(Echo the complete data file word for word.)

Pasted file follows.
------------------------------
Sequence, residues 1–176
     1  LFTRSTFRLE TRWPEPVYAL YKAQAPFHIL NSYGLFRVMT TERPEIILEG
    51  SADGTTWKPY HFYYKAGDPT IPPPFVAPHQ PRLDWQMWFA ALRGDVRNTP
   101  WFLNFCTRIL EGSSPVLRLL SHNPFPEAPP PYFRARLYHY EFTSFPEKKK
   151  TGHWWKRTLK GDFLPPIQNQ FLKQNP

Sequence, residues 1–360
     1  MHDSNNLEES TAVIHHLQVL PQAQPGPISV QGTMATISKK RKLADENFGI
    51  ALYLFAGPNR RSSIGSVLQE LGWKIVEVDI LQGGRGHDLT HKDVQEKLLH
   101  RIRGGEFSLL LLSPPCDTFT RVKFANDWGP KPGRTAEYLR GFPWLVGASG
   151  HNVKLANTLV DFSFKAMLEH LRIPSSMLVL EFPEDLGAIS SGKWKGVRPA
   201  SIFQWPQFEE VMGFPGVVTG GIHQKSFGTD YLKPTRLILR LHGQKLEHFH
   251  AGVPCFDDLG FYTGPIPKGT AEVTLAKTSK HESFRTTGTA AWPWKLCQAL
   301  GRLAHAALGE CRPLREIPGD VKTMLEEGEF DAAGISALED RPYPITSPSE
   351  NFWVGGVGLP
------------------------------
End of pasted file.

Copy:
Sequence, residues 1–176
     1  LFTRSTFRLE TRWPEPVYAL YKAQAPFHIL NSYGLFRVMT TERPEIILEG
    51  SADGTTWKPY HFYYKAGDPT IPPPFVAPHQ PRLDWQMWFA ALRGDVRNTP
   101  WFLNFCTRIL EGSSPVLRLL SHNPFPEAPP PYFRARLYHY EFTSFPEKKK
   151  TGHWWKRTLK GDFLPPIQNQ FLKQNP

Sequence, residues 1–360
     1  MHDSNNLEES TAVIHHLQVL PQAQPGPISV QGTMATISKK RKLADENFGI
    51  ALYLFAGPNR RSSIGSVLQE LGWKIVEVDI LQGGRGHDLT HKDVQEKLLH
   101  RIRGGEFSLL LLSPPCDTFT RVKFANDWGP KPGRTAEYLR GFPWLVGASG
   151  HNVKLANTLV DFSFKAMLEH LRIPSSMLVL EFPEDLGAIS SGKWKGVRPA
   201  SIFQWPQFEE VMGFPGVVTG GIHQKSFGTD YLKPTRLILR LHGQKLEHFH
   251  AGVPCFDDLG FYTGPIPKGT AEVTLAKTSK HESFRTTGTA AWPWKLCQAL
   301  GRLAHAALGE CRPLREIPGD VKTMLEEGEF DAAGISALED RPYPITSPSE
   351  NFWVGGVGLP